This blog is written for grown-ups who know where babies come from. But it has been brought to my attention that not everyone knows where stockmarket returns come from. So let’s put that right.
2019 was another stand-out year for stockmarket returns around the world. The chart below is in $ terms so the percentages in £ sterling terms will be slightly different but you get the picture – 2019 was a great year.
Results like this will, for many people, prompt the thought that it’s all too good to be true and what goes up must go down.
It’s certainly possible that stockmarkets will crash this year. But that’s possible any year. A stockmarket crash is always coming…but that’s no reason not to play this wonderful game where the odds are stacked in your favour over the long term.
Here’s the issue: a lot of people don’t understand where stockmarket returns come from. There are always plenty of forecasters of doom on hand to tell you that the gains are not real and markets are being pumped up artificially as a result of some dark conspiracy by Central Banks / Governments / Donald Fist-Bump [delete as applicable] and will soon come crashing back down.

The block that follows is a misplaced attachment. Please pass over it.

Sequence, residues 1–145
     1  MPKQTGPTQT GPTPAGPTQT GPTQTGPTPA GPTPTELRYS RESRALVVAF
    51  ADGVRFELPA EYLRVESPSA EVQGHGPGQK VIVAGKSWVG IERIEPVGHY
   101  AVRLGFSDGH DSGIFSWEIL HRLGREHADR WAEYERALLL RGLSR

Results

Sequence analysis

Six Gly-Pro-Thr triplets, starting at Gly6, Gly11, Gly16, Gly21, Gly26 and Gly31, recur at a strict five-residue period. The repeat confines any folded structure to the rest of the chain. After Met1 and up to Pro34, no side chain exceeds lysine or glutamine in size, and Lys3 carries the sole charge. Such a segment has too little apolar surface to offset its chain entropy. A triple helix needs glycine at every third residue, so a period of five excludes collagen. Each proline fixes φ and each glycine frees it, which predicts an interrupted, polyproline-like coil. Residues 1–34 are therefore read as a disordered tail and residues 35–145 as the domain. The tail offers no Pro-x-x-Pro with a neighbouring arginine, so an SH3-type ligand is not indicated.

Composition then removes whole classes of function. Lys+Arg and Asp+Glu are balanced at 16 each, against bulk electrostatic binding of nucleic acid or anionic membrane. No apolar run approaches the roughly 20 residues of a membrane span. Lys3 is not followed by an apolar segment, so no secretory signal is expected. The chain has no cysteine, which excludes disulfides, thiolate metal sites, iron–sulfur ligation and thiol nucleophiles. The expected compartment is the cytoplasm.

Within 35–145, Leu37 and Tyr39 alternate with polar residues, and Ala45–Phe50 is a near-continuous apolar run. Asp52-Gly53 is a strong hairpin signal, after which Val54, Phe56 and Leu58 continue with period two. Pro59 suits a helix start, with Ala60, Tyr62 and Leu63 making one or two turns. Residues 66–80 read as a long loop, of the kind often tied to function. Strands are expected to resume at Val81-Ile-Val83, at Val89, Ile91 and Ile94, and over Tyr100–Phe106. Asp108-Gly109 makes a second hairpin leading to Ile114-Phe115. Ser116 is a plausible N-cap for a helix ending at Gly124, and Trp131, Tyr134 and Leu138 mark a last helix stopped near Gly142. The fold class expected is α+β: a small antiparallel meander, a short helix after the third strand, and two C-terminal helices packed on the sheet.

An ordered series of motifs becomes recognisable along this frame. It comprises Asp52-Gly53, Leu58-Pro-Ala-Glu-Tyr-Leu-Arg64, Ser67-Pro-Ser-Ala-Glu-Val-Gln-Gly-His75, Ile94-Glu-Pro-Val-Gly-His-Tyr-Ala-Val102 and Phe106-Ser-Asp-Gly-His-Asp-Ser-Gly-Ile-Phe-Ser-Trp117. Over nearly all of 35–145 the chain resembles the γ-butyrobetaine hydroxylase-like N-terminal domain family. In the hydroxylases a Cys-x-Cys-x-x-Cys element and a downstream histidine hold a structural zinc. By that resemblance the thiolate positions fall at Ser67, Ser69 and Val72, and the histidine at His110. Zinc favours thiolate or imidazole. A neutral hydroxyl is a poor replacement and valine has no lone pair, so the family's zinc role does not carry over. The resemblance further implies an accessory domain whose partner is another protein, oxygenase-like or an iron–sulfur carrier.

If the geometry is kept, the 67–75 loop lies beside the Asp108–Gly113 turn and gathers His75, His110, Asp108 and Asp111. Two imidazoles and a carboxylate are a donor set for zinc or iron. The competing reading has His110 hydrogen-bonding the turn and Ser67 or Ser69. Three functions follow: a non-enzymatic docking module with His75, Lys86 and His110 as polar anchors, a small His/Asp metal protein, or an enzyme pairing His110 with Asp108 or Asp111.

Sometimes you will hear this sort of thing from The Bloke in The Pub, sometimes from The Bloke on The Internet. Bizarrely, people often seem to place more weight on The Bloke on The Internet…even when he’s some unseen anonymous clown. At least you can see that The Bloke in The Pub is
full of shit unreliable: he’s been drinking and is wearing a cardigan that’s seen better days.
It’s certainly true that governments have held down interest rates and that’s lifted all asset prices but that’s no secret. If you read it on The Internet, then it’s already priced in.
People invent stories to try to make sense of the world. These after-the-fact explanations are comforting to our monkey brains. The demand for